Just a few weeks ago, a shortage of lorry drivers caused a national petrol crisis.
As motorists continue to struggle to fill their cars, online searches for electric vehicles are on the rise.
According to Google search data, queries spiked by 1600% on September 24, the day shortages began impacting drivers.
Many consumers are considering making the switch from petrol or diesel to electric since the situation began.
Data from the Department for Transport revealed that over 7,000 electric vehicles were registered in August 2021 alone.
Now Tom Church, co-founder of LatestDeals.co.uk, shared five tips for saving money on an electric car.
He said: "It's clear increasing numbers are being sold on the idea of going electric and the petrol crisis has accelerated this pattern.
"However, it's important not to rush into your purchase simply because petrol is currently hard to get hold of.
"Now is a good time to consider which type of electric car to buy, especially as there are so many money-saving incentives.
"Before you make the plunge, ensure you’ve done your research about the grants and resources that are available."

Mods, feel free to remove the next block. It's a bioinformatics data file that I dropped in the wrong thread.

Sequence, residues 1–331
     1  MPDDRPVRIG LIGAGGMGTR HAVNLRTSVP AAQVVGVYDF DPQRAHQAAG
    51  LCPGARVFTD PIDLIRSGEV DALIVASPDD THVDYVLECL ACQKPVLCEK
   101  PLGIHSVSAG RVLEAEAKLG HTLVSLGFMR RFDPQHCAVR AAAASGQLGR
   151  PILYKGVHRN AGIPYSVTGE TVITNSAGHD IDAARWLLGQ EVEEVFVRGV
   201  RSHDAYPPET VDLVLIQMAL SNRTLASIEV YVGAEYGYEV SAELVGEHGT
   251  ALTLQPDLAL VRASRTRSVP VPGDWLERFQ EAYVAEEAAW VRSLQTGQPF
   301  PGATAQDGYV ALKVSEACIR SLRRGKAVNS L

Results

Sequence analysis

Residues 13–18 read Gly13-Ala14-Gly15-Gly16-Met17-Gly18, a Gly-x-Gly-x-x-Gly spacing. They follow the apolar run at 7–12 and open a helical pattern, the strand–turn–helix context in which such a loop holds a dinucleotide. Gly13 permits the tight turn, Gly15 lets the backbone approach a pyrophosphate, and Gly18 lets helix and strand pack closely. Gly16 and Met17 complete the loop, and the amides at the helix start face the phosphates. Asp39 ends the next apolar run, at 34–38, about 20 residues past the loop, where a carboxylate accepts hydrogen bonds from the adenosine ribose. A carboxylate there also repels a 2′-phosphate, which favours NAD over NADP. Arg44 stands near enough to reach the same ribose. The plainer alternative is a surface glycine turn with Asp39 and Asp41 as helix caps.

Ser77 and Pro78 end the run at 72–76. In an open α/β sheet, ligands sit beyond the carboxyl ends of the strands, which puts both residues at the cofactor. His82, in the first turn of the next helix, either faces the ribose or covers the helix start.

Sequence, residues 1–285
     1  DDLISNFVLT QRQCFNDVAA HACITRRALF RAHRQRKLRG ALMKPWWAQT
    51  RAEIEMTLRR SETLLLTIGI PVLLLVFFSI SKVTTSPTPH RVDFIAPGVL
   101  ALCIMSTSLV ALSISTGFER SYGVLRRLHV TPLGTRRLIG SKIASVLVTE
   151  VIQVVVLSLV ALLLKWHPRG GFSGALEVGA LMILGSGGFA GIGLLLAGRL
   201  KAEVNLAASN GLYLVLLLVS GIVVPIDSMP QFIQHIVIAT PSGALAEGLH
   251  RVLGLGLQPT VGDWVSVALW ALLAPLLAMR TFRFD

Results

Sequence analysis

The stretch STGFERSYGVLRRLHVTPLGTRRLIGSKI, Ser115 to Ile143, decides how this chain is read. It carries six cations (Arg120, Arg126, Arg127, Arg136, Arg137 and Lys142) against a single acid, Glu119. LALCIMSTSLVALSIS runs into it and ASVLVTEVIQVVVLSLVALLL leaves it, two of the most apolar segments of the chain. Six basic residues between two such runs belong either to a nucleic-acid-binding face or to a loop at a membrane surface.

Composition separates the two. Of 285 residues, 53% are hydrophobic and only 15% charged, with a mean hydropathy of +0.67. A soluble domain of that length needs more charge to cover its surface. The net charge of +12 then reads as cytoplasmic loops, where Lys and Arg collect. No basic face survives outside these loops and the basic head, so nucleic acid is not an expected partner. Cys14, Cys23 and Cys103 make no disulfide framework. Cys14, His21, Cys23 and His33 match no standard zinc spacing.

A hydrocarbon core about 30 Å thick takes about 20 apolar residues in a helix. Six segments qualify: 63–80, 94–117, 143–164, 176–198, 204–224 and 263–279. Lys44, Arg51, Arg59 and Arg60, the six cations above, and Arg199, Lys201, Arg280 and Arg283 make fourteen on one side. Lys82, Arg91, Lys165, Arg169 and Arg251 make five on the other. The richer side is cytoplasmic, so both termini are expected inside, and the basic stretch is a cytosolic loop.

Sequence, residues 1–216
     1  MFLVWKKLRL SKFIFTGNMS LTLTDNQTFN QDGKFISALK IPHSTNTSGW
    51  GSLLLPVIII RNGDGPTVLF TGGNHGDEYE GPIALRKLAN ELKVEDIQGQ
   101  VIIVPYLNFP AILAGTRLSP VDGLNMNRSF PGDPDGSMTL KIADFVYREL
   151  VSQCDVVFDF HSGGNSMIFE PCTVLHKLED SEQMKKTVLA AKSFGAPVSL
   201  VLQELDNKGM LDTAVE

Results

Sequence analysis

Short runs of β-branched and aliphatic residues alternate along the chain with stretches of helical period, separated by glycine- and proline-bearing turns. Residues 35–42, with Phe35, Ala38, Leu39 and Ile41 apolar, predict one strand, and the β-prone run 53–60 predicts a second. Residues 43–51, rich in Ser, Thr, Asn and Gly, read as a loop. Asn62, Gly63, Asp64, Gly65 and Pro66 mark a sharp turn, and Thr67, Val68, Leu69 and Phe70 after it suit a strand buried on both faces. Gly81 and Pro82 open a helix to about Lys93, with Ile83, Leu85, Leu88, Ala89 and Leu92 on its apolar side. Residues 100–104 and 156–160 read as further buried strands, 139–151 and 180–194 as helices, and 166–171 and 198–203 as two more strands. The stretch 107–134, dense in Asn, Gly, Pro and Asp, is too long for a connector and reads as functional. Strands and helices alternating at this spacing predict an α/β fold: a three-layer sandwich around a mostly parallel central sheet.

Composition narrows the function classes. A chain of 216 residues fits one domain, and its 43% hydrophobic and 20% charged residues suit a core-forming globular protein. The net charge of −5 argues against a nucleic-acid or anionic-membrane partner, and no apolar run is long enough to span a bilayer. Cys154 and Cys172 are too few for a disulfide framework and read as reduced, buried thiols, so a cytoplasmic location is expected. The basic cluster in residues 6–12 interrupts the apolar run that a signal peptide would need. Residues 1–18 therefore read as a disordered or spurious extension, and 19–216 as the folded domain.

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Consider purchasing a used vehicle
According to the AA, demand for second hand electric cars are rising and for a good reason.
Since these cars will typically be a few years old, it means they're often within the manufacturers' warranty period.
Look into purchasing an electric vehicle abroad
It may be cheaper to buy your electric vehicle abroad.
However if you consider bringing a vehicle from overseas, it's important to do your research first.
When picking the country, consider the number of vehicles it buys, as this will impact the average price.
And it's also crucial to consider the amount of VAT you need to pay, how to transport it and the procedure in case of disputes.
Research car leases
If you can't afford to buy a car outright, or you like the idea of switching vehicles after a few years, leasing may be best for you.
It's often the cheapest way to get a new car too as the monthly payments will typically be lower.
Look into free car charging points
You won't always need to pay your car in public places.
If you're away from home and need to top up your power, it's worth researching nearby locations you won't need to pay for.
A good place to start is by looking at supermarket car parks, some hotel parking areas and airports.
Your electric vehicle app will have a map of nearby locations, or you can use free online resources too.
Stop budgeting for road tax and the congestion charge
One of the perks that electric vehicle owners enjoy is the exemption from both road tax and the London congestion charge.
If you were to drive into the capital each day, using an EV will save you £75 a week.
Plus you'll potentially be saving thousands on road tax over the course of your car's lifetime.
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